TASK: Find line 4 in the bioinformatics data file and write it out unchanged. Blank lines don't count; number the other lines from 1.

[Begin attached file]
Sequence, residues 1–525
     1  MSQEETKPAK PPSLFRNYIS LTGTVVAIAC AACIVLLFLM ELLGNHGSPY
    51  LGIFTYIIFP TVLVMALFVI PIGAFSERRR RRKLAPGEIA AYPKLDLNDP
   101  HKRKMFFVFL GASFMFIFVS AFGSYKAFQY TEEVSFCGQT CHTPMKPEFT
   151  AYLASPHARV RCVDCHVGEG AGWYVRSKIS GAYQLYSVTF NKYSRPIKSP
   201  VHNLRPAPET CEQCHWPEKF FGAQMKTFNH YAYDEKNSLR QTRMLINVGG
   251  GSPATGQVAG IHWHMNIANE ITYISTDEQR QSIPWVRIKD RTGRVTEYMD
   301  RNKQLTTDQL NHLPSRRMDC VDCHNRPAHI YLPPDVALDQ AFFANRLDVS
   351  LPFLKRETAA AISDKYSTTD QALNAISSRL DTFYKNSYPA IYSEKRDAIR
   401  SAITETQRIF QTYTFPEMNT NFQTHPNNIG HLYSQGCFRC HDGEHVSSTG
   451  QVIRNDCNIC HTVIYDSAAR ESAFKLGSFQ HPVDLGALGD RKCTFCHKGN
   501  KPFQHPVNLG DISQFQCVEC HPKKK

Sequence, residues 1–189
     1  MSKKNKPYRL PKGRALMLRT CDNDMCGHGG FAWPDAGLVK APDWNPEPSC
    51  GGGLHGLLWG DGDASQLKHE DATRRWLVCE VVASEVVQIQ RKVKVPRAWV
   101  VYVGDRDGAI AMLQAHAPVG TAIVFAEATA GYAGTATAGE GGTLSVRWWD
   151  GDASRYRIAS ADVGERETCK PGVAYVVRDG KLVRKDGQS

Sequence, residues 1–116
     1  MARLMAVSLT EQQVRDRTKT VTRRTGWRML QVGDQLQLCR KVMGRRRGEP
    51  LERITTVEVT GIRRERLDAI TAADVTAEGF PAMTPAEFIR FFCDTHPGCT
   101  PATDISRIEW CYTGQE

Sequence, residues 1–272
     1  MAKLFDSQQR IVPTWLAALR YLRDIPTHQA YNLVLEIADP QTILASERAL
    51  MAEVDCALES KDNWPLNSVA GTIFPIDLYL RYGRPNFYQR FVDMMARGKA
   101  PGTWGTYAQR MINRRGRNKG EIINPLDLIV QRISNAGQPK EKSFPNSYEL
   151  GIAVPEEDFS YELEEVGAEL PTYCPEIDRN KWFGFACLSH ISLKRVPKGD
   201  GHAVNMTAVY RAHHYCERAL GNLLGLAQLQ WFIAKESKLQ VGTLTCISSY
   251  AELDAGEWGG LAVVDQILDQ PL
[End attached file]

   101  HKRKMFFVFL GASFMFIFVS AFGSYKAFQY TEEVSFCGQT CHTPMKPEFT